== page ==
Somewhat frustrated,  I headed north again along the fencing and was able head east on H Street. I knew, from my law school days  that the Capitol was located near 1st Street and C Street. However, I saw  another fence and checkpoint at G Street and 10th Street. It was frustrating especially since either the police officers and secret service  did not know or did not want to tell people,  the easiest way to the Capitol . I zig and zagged but I continued on. 

Persistence I have a lot of so I walked back north to H Street and continued eastward, continuing zigzagging streets with checkpoints along the way. There were almost no tourists in the city, nor many local residents on the streets. 

There were a lot of reporters from all over the world. I heard many languages spoken and heard many frustrated reporters, photographers and cameraman asking for directions and access to the press checkpoints allowing them to get into the next level of security. It was confusing.  Even with the large  number of members of the press, from my observations, there were twice as many police officers, guardsmen, secret service  and other security officers.

Some of the streets near the security fences were deserted or with only a few people, usual reporters trying to find a way around all of the security.

National Guardsmen manned the access points for the press and employees of the Federal and local governments who were still working. Secret service checked bags and packages of all reporters entering the outer security fence. I was told there were additional layers of fencing inside. 

And the movement of the 25,000 guardsmen, brought here from all over the Union to protect our Nation’s Capitol,  in the city could be seen throughout my walk. 

I walked down to F Street and was able to proceed . I walked by many large commercial buildings,

some displaying political messages,

and a welcome to the President and Vice-President elect. However, as I said, I saw only two protestors up to this point. 

I walked down to E Street and past Judiciary Square,

where again I found more National Guardsmen and,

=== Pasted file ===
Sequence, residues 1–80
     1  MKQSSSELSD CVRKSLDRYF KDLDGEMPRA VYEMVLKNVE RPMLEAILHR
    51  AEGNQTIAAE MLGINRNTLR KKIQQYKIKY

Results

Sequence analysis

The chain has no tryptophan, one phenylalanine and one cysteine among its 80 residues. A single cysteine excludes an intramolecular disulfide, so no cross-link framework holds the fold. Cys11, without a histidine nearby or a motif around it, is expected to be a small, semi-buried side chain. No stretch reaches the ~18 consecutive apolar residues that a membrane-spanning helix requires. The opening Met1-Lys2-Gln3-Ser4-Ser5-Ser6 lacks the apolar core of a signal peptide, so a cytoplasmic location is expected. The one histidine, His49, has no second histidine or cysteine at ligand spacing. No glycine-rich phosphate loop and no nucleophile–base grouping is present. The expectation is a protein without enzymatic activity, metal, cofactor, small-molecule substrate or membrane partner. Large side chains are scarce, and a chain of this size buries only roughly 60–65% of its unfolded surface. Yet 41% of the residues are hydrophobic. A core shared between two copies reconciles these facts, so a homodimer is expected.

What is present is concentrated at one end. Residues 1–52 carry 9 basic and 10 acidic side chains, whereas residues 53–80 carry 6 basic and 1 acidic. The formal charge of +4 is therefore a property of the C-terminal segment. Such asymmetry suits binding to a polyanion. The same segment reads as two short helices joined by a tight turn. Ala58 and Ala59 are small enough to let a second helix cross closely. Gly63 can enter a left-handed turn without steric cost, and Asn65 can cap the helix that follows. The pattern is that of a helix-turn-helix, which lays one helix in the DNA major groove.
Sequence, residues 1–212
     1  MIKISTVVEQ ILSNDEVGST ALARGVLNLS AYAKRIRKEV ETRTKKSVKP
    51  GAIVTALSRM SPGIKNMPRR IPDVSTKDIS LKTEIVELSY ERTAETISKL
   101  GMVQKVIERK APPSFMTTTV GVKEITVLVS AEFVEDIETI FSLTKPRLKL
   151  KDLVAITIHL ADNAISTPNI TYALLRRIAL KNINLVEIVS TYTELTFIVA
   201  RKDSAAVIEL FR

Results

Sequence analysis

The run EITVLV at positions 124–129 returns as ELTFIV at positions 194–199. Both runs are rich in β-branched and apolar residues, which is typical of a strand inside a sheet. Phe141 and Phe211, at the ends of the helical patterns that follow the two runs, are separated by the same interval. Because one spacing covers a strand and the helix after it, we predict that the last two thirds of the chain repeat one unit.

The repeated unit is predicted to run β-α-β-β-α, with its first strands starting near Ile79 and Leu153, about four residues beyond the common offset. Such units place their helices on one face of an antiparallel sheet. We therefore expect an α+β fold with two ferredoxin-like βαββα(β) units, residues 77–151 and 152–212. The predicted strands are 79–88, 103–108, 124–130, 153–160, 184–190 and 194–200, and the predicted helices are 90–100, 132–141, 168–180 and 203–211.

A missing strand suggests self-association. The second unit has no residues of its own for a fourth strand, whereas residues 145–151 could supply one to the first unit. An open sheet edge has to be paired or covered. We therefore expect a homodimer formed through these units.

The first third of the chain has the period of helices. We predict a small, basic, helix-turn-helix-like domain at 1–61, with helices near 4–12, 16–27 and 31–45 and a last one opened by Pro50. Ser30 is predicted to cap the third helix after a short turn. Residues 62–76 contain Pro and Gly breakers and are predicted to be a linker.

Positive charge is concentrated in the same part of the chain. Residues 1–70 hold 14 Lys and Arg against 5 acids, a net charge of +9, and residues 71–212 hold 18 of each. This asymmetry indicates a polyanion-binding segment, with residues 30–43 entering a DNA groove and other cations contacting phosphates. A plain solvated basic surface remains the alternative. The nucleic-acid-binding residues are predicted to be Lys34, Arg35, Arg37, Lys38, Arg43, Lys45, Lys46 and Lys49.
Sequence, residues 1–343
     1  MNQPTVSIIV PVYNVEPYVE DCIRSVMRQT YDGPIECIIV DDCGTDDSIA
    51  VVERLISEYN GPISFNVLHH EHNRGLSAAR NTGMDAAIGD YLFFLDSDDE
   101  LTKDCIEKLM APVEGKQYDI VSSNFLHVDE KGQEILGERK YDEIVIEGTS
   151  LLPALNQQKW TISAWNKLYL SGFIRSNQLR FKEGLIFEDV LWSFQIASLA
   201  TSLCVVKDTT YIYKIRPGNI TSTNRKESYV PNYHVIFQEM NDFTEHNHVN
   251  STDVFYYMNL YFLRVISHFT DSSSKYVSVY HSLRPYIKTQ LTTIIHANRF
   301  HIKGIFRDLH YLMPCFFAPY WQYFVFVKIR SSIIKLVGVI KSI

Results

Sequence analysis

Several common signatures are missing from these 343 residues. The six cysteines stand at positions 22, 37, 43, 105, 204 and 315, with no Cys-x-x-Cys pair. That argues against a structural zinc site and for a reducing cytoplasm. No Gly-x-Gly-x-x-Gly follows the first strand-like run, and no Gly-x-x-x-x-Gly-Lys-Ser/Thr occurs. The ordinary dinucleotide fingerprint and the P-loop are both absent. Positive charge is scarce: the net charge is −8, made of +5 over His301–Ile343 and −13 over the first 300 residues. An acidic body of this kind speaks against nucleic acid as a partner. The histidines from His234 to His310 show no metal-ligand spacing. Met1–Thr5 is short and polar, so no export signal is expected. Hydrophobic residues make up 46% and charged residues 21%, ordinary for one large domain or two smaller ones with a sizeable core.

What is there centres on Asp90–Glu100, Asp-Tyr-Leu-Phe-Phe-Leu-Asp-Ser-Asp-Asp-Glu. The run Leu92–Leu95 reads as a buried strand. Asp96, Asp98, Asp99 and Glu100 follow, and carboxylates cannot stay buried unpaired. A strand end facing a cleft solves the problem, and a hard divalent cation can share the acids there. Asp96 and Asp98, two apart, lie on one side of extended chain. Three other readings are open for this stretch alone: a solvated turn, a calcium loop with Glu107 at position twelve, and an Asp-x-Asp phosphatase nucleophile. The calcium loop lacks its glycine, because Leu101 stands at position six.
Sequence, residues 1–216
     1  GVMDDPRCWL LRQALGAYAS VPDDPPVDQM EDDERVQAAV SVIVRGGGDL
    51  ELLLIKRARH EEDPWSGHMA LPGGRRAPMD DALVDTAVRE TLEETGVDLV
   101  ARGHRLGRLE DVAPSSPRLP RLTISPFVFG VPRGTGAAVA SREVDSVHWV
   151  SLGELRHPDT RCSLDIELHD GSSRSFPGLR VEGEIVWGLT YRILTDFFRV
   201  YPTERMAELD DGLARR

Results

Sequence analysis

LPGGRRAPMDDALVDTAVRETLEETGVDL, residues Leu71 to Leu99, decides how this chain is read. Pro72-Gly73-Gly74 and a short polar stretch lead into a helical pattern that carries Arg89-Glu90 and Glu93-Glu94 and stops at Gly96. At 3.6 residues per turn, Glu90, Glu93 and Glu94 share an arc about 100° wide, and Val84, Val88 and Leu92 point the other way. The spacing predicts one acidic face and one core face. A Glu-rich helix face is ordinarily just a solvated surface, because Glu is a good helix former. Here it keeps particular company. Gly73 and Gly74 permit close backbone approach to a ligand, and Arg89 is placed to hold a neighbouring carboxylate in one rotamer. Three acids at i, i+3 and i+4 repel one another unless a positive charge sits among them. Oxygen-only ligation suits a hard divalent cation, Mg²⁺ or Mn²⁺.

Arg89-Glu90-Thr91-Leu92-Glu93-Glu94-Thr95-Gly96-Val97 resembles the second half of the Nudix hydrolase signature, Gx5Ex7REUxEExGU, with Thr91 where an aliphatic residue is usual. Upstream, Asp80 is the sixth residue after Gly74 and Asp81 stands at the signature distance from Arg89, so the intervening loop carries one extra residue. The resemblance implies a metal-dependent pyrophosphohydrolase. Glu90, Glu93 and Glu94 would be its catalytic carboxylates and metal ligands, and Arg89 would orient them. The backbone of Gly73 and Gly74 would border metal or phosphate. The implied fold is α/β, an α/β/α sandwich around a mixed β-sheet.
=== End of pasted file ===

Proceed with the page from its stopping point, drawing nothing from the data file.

police officers. Their presence was visible everywhere near the Capitol, White House and Mall.

I slowly  made my way to D Street and New Jersey Avenue.

After rounding a corner it is was here where  I finally got a glimpse of the Dome of our Nation’s Capitol. I still get goose bumps when I see it as I did the first time on a field trip in the eight grade and the many times I saw it living in here in law school. Here is a link to some more photographs from my walk to the Capitol. . Washington DC Inauguration afternoon walk Part One January 19 2021.

This was as close to  the Capitol grounds as one could get. Here,  I found the largest crowd of people since I began my walk. It was no more than two dozen people many who were  reporters. There were a few onlookers in the group, from what I could gather they were here in support of President elect Biden. All wore masks. 

It was sad  that this was as close as I could get to the Capitol . I remember getting much closer the day before the Trump inauguration when I visited four years ago.  I was able to walk up to the steps. You can find photographs of how close I was able to get to the Capitol  in this link to my blog post. from that visit. https://keepyoureyespeeled.net/silver-spring-and-washington-d-c-its-been-awhile-a-long-overdo-visit/

After reflecting on the significance this inauguration  while gazing our Nation’s Capitol, desecrated and ransacked  for the first since 1814, and for the first time by our fellow  Americans, I began my long walk back to my hotel. 

It was late afternoon , and I took a more direct walk back on L and M streets. I was pleasantly surprised my route took me through Chinatown, 

I walked through some upscale neighborhoods and commercial districts on New York Avenue,

and many historic churches,

some reflecting the late January sunshine. 

There were also many tents near the churches, put up by, I guess, homeless folks. It was another interesting contrast on this interesting day in Washington DC.

I eventually made it to Rhode Island Avenue as darkness approached. 

Thankfully none of the violence that was feared occurred. It was a peaceful day, and for that I was glad.  I returned to my hotel, ordered Thai food and edited photographs and watched the inauguration coverage for the rest of the evening. I retired early wondering what the Inauguration day would bring to our Nation’s Capitol. Here is a link to a gallery with some more photographs from my visit to our Nation’s Capitol. Washington DC Inauguration  afternoon walk Part two January 19 2021

America was not built on fear. America was built on courage, on imagination and an unbeatable determination to do the job at hand.- Harry Truman